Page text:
The online gambling operator firm Betway have earned themselves a record fine of £11.6 million from the United Kingdom Gambling Commission (UKGC) after admitting to a charge over a series of social responsibility and money-laundering failures. The charge is related to their treatment of their high spending customers and VIP members.
This fine consists of a £5.8 million payment which will be returned to the victims of their mismanagement and could yet rise further following a future reviews of the Win Technologies owned brand’s top 25 customers for each year over the period, a commitment Betway agreed to undertake as part of their punishment.
Alongside the financial penalty, Betway have also agreed to conduct a review of all current UK customers who have not been reviewed in the past six months, applying its current Anti-Money Laundering and social responsibility processes, review any new customers who could be considered to be high risk by the Commission and review next year’s compliance development road maps. Betway have also pledged to retrain all personal management licence holders, senior management and key control staff in Anti-Money Laundering and social responsibility as well as release a full assessment of Betway’s top 25 customers for each year since 2015.
Failed To Live Up To Problem Gambling Pledge
The £5.8 million figure directly relates to a UKGC investigation which found that exact amount had been allowed to wash through their operation. The Gambling Commission also said that there was sufficient grounds to believe that these funds had either been found or could reasonably be suspected to be, proceeds of crime.
As part of their investigation, the regulator focused in on seven Betway VIP customers, one of which was found to have deposited around £8 million over four years, losing half of this and at no point was ever quizzed by the operator where the funds had come from. In a separate case, the UKGC discovered that the operator had failed to live up to its mandatory problem gambling pledge with a customer who lost the entirety of his £187,000 deposit inside of two days.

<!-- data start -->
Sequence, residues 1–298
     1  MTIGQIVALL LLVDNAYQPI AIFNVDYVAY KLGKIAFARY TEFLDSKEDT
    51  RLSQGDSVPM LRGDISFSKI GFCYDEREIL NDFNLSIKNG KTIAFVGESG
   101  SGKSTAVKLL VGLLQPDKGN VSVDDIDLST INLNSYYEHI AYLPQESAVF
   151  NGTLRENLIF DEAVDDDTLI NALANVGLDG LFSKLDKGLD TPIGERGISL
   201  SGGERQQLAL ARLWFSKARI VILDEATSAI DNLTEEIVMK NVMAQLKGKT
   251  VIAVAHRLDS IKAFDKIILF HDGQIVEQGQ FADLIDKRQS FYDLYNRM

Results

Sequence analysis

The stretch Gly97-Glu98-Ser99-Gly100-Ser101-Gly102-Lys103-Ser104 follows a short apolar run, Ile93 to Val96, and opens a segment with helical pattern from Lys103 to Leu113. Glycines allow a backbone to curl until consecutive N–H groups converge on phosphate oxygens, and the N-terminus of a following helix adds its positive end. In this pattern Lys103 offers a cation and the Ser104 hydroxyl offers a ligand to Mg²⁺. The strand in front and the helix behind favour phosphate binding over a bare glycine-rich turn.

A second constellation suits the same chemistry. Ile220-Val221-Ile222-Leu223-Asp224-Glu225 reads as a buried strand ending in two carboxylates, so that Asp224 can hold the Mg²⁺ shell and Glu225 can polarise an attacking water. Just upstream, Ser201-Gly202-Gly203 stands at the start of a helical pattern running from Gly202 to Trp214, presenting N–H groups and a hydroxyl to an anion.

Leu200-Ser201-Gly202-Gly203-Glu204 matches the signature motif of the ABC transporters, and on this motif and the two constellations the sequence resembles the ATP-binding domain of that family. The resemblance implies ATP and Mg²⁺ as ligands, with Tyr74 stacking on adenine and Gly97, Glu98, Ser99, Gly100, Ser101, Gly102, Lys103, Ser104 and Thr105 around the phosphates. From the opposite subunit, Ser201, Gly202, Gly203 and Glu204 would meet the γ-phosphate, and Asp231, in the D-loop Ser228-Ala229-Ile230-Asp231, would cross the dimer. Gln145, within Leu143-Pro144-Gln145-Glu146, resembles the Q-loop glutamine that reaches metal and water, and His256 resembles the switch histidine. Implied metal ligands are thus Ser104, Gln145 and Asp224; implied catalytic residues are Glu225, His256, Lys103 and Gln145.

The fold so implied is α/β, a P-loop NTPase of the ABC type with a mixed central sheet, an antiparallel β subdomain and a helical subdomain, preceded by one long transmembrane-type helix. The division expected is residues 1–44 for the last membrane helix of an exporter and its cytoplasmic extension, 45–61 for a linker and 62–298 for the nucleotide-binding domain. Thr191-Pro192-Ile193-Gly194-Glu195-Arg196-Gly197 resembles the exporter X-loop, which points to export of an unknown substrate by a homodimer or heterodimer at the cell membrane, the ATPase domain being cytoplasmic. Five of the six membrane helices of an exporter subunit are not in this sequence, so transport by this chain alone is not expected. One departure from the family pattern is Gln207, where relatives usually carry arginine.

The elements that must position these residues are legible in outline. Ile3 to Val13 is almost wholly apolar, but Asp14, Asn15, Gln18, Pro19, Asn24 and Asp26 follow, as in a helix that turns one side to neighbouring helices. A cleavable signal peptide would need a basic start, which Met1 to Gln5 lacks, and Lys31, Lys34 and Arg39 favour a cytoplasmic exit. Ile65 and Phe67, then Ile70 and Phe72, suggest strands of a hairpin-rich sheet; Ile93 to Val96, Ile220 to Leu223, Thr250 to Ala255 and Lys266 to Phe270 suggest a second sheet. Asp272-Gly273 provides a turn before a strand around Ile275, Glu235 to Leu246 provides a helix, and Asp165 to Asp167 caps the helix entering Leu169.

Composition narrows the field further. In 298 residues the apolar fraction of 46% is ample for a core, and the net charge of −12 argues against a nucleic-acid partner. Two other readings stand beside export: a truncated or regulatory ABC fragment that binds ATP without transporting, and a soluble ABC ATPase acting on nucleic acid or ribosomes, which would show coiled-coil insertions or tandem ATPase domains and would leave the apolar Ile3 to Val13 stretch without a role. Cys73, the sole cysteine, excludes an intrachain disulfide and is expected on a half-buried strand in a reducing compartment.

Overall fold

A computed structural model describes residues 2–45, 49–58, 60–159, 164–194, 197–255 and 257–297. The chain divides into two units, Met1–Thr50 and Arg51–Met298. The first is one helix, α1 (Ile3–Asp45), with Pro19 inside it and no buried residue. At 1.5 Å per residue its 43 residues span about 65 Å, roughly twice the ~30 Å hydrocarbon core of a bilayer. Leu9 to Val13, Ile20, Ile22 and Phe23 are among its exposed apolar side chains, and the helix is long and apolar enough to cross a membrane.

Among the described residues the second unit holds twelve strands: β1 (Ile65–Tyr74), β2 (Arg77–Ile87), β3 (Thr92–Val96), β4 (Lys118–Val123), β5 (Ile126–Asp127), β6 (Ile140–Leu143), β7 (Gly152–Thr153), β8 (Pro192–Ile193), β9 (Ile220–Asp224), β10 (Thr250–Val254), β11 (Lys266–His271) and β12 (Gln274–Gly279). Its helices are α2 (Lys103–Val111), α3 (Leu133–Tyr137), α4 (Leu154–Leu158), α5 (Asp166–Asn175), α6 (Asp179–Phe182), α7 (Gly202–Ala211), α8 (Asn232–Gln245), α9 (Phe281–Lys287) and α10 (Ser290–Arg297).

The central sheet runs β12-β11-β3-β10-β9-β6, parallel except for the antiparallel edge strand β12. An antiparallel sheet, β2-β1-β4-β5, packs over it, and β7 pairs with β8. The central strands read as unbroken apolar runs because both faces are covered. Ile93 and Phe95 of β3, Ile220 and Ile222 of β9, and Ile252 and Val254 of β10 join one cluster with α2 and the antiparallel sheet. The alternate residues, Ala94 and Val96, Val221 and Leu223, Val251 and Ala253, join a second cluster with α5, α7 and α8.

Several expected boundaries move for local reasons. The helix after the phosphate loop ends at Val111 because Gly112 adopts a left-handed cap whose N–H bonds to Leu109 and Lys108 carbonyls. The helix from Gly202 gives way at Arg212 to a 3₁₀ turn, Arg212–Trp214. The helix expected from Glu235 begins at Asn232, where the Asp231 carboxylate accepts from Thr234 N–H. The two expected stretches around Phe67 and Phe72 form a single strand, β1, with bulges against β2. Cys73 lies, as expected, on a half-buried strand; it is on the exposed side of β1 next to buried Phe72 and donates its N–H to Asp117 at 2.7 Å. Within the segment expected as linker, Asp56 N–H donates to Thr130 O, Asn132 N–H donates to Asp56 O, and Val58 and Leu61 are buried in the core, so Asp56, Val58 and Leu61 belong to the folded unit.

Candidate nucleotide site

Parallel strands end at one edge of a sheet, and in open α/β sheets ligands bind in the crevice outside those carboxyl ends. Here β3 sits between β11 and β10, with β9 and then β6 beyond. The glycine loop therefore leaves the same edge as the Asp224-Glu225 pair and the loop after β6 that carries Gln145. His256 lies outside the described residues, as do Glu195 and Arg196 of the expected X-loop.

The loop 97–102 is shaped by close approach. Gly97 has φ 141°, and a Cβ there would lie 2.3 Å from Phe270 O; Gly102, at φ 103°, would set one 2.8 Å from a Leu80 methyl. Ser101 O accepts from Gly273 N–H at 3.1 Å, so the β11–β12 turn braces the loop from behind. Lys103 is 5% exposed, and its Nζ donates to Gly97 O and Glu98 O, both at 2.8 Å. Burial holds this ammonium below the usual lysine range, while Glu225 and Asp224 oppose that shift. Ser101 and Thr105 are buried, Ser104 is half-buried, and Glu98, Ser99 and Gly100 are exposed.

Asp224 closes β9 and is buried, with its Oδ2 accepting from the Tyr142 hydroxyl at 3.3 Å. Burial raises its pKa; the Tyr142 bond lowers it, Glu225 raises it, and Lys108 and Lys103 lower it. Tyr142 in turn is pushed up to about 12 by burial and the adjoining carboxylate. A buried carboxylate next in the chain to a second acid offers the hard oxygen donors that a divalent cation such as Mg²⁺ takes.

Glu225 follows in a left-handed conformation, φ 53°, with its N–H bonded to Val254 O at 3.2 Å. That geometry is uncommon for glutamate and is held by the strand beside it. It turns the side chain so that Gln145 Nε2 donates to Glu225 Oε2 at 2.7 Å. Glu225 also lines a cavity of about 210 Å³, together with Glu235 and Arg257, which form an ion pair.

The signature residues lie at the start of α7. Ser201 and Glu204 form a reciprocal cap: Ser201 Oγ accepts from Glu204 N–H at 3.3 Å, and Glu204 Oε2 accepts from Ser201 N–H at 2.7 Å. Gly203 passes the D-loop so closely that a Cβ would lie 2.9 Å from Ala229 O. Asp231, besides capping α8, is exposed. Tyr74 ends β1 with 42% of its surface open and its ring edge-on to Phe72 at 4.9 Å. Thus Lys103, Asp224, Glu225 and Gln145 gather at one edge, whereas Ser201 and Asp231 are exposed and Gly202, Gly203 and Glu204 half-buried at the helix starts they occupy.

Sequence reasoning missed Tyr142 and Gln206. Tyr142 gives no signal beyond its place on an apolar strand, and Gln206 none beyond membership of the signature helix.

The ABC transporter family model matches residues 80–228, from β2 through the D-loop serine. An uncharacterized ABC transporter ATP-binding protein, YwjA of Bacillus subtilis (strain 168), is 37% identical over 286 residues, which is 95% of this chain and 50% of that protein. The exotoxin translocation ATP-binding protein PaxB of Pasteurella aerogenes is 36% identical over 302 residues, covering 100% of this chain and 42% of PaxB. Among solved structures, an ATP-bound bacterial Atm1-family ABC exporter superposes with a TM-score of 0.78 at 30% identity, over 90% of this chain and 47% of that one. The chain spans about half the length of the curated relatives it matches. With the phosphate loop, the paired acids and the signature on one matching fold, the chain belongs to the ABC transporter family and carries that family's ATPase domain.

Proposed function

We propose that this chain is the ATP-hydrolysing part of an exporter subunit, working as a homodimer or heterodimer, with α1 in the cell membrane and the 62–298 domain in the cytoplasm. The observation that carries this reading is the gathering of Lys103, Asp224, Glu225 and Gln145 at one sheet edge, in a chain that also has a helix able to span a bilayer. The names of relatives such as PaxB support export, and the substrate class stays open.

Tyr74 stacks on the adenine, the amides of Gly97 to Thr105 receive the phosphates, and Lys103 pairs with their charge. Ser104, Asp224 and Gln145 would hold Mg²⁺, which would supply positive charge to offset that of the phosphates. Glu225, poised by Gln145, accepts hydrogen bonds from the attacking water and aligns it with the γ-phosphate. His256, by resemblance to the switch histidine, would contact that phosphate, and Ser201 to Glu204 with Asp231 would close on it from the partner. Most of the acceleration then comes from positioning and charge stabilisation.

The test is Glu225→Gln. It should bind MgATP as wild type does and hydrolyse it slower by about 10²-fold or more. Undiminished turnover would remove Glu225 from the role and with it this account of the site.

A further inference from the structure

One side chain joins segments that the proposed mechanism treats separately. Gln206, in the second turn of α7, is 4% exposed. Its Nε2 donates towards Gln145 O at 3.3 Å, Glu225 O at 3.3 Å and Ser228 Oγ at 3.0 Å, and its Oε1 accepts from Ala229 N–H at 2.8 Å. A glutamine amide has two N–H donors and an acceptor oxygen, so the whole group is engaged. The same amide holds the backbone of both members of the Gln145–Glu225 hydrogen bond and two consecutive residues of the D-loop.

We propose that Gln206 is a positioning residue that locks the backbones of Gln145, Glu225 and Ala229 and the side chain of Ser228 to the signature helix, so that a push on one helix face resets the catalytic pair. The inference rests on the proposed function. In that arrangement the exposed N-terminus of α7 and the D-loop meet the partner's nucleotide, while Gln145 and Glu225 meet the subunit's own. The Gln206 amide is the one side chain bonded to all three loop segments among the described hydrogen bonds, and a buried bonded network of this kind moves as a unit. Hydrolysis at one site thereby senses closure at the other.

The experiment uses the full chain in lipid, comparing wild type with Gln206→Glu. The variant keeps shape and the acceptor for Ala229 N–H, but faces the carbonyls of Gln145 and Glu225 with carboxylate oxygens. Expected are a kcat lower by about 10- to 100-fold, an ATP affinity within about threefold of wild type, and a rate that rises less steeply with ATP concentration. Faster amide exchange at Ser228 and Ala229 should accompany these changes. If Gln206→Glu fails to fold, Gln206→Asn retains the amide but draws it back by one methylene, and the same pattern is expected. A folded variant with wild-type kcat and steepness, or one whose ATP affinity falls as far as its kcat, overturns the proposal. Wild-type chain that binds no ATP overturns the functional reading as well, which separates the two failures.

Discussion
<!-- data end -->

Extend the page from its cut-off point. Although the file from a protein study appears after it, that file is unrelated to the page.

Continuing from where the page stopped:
In some of these cases, these incidents were referred to Betway’s board of directors who decided to allow the gamblers to keep playing, leading to the police intervening. The firm also allowed one unemployed customer to deposit £1.6 million without verification and accepted £494,000 from another customer who had 11 different accounts with the company, at least one of which had signed up to self-exclusion.
In a statement, Betway Chief Executive Anthony Werkman took full responsibility for the cases which led to this investigation, for which Betway cooperated fully, and subsequent record penalty.
Gambling Commission executive director Richard Watson struck a threatening measure when he said,
“The actions of Betway suggest there was little regard for the welfare of its VIP customers or the impact on those around them.
As part of our ongoing programme of work to make gambling safer we are pushing the industry to make rapid progress on the areas that we consider will have the most significant impact to protect consumers. The treatment and handling of high value customers is a significant piece of that work and operators are in no doubt about the need to tackle the issue at speed.
We have set tight deadlines for when we expect to see progress and if we do not see the right results then we will have no choice but to take further action. This case highlights again why progress needs to be made”.
Out Foxed By The Major Gambling Firms
While the UKGC had already commissioned the industry review, led by Ladbrokes Coral owner GVC Holdings, into their incentivisation practises concerning their high-spending customers, the regulator has still been forced to face criticism that it is too weak, with the National Audit Office (NAO) suggesting that the commission was being out foxed by the major gambling firms.
In January, Betway were accused of grooming gambling addicts through VIP schemes so the fins doesn’t come as much of a surprise.
UK betting companies have been fined more than £19 million over the past financial year for failing to protect problem gamblers and stop money laundering. Betway’s latest penalty beats the previous largest penalty when saw 888holdings were forced to fork out over £7.8 million for failing vulnerable customers.